The Downfalls of Pressing

The pressing and overloading from Lyon in the second half wasn’t nearly as succinct as it was in the first half and with that, Maxwell had a greater role to play. Maxwell had two fantastic crosses in the box early in the second half that Zlatan headed on goal. Nine times out of ten those end up in the back of the net for Lord Zlatan, but the brilliance of Anthony Lopes in goal denied Zlatan on countless occasions.

In the second half, PSG had a greater intensity to snuff out the little one-two combinations that Lyon’s attacking players used. Edinson Cavani isn’t the striker he once was but one of the few advantages to having him play as a pseudo left winger is his work rate. On a number of occasions you would see Cavani help out Maxwell and to a lesser extent Blaise Matuidi when a passing outlet was needed, which helped PSG get hold of possession to curtail Lyon when they sporadically pressed on:

Cava

What was also encouraging on PSG’s end was how little Zlatan played the deep #10 hole and tried to run in behind Lyon’s defense. On the instances that PSG did play long balls over Lyon’s defenses, Zlatan beat Lyon’s backline and got in behind them. He was a fraction offside on his spectacular disallowed goal early in the match and his movement on the whole looked a lot more cleaner than in previous matches, most notably against Saint Etienne, where his movements were quite robotic and stale.

The finishing still isn’t quite where it was last season, but whether it was the big game occasion or Zlatan’s overall fitness improving, this looked more like the Zlatan Ibrahimovic we’ve seen the last two seasons in PSG and not the marauding impersonation we’ve seen in the past few matches.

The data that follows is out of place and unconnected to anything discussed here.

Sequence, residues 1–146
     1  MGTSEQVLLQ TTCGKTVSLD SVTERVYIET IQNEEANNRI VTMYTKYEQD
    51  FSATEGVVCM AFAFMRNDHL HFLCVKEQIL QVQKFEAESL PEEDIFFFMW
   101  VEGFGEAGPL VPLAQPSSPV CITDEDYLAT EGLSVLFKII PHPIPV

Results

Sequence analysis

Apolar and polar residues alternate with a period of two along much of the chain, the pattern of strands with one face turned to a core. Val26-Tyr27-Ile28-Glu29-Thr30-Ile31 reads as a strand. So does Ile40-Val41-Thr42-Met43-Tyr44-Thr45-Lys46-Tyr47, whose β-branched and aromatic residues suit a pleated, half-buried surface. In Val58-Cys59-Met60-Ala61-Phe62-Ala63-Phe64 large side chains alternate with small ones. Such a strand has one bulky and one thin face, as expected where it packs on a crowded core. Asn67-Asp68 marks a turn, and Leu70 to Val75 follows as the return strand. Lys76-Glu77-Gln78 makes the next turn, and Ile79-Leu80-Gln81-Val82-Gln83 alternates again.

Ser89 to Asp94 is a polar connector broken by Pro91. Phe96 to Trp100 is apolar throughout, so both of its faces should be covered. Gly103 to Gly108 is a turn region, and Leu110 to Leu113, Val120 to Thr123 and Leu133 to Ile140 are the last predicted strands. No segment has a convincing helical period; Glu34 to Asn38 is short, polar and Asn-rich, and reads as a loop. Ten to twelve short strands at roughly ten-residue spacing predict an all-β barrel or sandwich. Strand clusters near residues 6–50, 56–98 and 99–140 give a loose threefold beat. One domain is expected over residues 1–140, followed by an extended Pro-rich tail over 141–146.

It was a job well done from PSG’s point of view. On the balance of play, they curtailed Lyon’s attack sans Lacazette. The expected goal battle was won in a landslide by PSG (1.86-0.35) and they’ve kept Lyon only two points above them in the standings. Lyon have four of their next five fixtures away from home, including an away trip to the Stade Veledrome against title contenders Marseille in the middle of March.

Meanwhile PSG still have the Champions League and the Coupe de France to worry about in addition to their quest for a third straight Ligue 1 crown. Their away fixtures against Monaco and Bordeaux might pose some troubles, and if they manage to progress past Chelsea in the Round of 16 CL tie, it will pose questions on how they’ll manage their squad depth for the stretch run in the league.

For the first time since 2011-12, Ligue 1 has itself a proper title race with three legitimate contenders vying for the crown. And perhaps the best thing for French football is the overwhelming favorite going into this season (PSG) will have to fight tooth and nail for the league that in previous years was a mere stroll in the Parc (des Princes).

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About Moesquare

Marseille supporter, #FancyStats supporter. Troller of all things Twitter. I write words and hope they make me sound SMRT